A friend of mine attended a TED Talk by poet and Yeshiva University English prof Joy Ladin in Boston early last year, and recommended it to me when I saw her over the holidays last December. I told her I had read and liked Ladin’s memoir, Through the Door of Life, and would definitely check it out. For whatever reason, I couldn’t track it down then, and only managed to find it on YouTube this spring.
Encountered virtually, Ladin was much as I expected her to be from her memoir: articulate, thoughtful, muted but resolute, melancholy but not grave – a survivor who had achieved a measure of comfort in her own spirit. But not in her own skin. The thing that immediately struck me as I watched her was how physically awkward she was. Granted, speaking in front of a room full of people will have some such effect on most of us. And as I observed to another friend who I sent the link to, many of the talk’s attendees were visibly uncomfortable, and a few seemed “openly hostile,” a response unlikely to encourage an open, relaxed mien. Still, the stance that Ladin adopted, and held almost without variation through the 12 minutes of her talk, made me physically uncomfortable after a while: shoulders slumped, arms dangling straight down her sides as if they were alien grafts she had no control over. “After about ten seconds,” I told my friend, “I started saying to my computer screen, ’Stand up straight, girl!” “OMG Posture Police have been called,” was my friend’s initial remark. Then later in the exchange: “She seems very nice and kind” (her emphasis), but “posture is so important. In her it just exacerbates her humility. I just want to give her a hug.”
These observations about posture resonated. Throughout my life, different people – my mother when I was growing up, my first ex when I was in my 20s, of late my sister – have been on me to square my shoulders and stand tall. When I was younger, my relationship to my body was fraught by the gender dissonance that I was experiencing (Julia Serano’s term: see Whipping Girl, p. 85). As I’ve come to understand it, the perpetual slouch I then presented to the world communicated two complementary desires: on the one hand, to dissociate myself from the being who confronted me in the mirror each morning, and on the other, to police but also protect the girl inside who I at some level knew myself to be – crouching over her both to hold her in check and to shelter her from a world that (I’d known since I was a toddler) was hostile to her.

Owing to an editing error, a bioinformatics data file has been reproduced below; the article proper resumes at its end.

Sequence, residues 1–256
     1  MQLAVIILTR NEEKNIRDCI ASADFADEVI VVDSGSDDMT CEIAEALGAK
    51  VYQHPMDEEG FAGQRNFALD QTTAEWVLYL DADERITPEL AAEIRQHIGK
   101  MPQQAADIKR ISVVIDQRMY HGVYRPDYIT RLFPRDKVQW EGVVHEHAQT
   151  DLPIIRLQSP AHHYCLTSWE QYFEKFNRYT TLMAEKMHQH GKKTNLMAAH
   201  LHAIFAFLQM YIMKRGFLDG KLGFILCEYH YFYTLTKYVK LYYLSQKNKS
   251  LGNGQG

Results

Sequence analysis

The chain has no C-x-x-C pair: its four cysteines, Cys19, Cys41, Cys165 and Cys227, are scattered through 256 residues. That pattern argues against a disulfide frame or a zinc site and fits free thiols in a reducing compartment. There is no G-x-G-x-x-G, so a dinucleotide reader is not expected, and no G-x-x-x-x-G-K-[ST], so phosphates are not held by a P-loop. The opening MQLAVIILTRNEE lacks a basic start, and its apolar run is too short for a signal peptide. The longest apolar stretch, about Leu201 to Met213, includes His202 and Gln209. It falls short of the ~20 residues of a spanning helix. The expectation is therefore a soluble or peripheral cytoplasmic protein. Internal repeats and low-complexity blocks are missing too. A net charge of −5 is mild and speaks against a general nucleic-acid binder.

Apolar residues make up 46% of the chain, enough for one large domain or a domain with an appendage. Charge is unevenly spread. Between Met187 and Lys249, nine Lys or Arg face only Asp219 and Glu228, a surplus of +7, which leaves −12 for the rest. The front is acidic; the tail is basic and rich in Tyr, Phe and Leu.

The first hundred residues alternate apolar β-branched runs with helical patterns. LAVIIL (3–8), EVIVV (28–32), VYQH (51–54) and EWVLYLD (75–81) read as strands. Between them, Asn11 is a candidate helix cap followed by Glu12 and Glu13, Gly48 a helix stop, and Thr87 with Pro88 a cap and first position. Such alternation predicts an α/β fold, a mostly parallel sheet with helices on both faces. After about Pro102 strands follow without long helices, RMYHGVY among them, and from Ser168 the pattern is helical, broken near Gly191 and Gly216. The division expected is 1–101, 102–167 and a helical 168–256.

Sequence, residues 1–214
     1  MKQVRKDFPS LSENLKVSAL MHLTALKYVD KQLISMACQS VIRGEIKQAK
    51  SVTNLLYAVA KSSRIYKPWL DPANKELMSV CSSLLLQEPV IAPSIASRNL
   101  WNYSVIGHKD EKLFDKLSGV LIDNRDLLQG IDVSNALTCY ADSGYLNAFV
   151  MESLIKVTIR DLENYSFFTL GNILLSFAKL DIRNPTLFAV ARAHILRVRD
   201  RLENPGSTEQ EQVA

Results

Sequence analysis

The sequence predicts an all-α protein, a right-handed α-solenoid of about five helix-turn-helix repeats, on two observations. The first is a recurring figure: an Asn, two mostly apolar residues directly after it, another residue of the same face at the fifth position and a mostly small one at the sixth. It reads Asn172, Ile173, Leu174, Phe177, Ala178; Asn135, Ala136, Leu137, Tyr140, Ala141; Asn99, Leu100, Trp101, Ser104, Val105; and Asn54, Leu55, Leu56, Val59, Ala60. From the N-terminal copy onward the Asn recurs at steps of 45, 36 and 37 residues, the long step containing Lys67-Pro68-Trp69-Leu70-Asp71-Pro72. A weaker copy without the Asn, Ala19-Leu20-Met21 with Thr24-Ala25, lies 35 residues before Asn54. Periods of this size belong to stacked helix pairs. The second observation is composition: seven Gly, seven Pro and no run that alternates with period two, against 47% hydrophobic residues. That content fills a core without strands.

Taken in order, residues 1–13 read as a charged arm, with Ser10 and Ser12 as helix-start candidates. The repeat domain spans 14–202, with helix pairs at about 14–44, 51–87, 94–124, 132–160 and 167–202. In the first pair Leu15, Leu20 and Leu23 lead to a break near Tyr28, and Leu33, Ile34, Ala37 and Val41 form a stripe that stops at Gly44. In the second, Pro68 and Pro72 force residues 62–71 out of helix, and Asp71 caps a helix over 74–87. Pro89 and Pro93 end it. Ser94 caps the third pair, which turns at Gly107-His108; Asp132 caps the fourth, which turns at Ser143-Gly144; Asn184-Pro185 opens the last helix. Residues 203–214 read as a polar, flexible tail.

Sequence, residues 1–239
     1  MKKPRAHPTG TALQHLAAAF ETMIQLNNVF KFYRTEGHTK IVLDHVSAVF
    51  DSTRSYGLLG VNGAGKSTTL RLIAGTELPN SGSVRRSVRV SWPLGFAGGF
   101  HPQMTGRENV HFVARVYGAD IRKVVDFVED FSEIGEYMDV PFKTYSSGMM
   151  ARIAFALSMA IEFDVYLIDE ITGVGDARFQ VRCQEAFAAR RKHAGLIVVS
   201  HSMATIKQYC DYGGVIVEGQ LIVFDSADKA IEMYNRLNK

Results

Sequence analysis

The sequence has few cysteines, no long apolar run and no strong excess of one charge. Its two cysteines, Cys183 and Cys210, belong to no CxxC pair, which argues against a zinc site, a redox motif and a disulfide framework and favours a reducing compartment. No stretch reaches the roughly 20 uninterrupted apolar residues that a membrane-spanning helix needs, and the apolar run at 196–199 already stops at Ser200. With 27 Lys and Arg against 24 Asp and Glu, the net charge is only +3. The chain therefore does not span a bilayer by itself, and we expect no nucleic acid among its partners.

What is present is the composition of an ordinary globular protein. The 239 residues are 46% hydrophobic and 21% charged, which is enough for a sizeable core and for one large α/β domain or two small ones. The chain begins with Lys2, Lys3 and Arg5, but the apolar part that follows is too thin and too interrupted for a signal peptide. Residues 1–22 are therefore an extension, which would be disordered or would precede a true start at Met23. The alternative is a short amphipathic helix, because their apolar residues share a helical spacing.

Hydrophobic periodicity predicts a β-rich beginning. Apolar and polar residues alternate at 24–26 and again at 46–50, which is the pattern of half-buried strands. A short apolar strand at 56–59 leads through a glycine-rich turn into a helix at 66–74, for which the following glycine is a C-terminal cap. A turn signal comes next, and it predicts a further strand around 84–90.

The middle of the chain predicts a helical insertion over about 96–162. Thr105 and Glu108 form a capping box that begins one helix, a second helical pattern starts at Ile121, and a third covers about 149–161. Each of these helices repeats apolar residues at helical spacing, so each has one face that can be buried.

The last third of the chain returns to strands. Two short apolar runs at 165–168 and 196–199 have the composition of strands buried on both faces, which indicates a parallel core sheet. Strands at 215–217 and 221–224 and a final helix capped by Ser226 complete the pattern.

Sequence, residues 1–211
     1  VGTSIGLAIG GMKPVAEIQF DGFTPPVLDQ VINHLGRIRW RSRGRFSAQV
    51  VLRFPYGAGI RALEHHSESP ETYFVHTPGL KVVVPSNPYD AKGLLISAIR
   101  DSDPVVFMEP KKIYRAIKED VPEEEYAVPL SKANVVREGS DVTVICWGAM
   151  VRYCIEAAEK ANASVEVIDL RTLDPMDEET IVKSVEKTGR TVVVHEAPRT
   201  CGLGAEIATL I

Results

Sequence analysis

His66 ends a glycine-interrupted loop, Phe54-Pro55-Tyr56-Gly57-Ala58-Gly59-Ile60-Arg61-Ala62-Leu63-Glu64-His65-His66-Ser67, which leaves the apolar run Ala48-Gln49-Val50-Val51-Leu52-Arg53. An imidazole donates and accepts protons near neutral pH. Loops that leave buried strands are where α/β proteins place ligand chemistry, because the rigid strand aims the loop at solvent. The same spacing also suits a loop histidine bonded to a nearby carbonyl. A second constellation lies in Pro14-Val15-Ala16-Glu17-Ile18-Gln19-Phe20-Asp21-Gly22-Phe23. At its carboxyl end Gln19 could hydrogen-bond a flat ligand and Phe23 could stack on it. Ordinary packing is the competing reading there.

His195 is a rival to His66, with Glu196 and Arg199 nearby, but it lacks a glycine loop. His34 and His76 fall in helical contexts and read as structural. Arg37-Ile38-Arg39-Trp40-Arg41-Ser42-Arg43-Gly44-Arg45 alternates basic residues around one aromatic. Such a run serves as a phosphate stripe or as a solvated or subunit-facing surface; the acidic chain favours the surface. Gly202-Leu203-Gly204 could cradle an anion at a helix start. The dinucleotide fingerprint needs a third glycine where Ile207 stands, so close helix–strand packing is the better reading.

Now in my early 50s and three-plus years out as female, I’m gregarious and warm with others to a degree I never felt I could be pre-transition. Yet many of the toxic feelings that developed around my gender dissonance are in large measure still there. I still mistrust cameras (though I’ve grown comfortable with mirrors). I still inwardly flinch right before strangers put a pronoun on me, fearing I’ll be misgendered (even though it’s been a while since that happened) and worse. And I find myself frequently falling into a protective posture when I’m talking with people I don’t know well, in particular men: shoulders curved inwards, arms and legs crossed – a human citadel. When I was in counseling, it was suggested to me that such defensiveness is a perfectly understandable and even rational response to a world that continues to be unfriendly to trans folks, and especially trans women. But over time it has become clear to me that the source of these feelings, and the responses they activate, isn’t reason but trauma.
The connection between trauma and anti-trans discrimination seems to have only recently been afforded much attention, but when one pauses to consider the kind of crap we go through, it’s a no-brainer. Being the target of frequent, ongoing verbal and physical harassment is going to leave deep scars. Even those of us who haven’t experienced that much overt abuse suffer from the effects of gaslighting, the psychological phenomenon in which others force on you the belief that what you know to be real is in fact not. I was told in no uncertain terms from the age of three by everyone and everything around me that the gender identity I was driven to express was wrong, bad, unnatural, etc. – that I was to obey the command Nature had so patently stamped on my crotch, and not live as the person she had hardwired me to be in my brain. This conflict between our awareness of who we are and the insistence of those around us that we’re someone else is a significant source of the dissonance we experience around gender. Indeed, others’ (often aggressive) refusal to believe us about something so central to our identity is arguably as responsible for the trauma we experience as is the incongruence between spirit and body that’s at the core of the trans condition. And it was Ladin’s memoir that first articulated clearly and forcefully for me what a specifically transgender trauma looks like.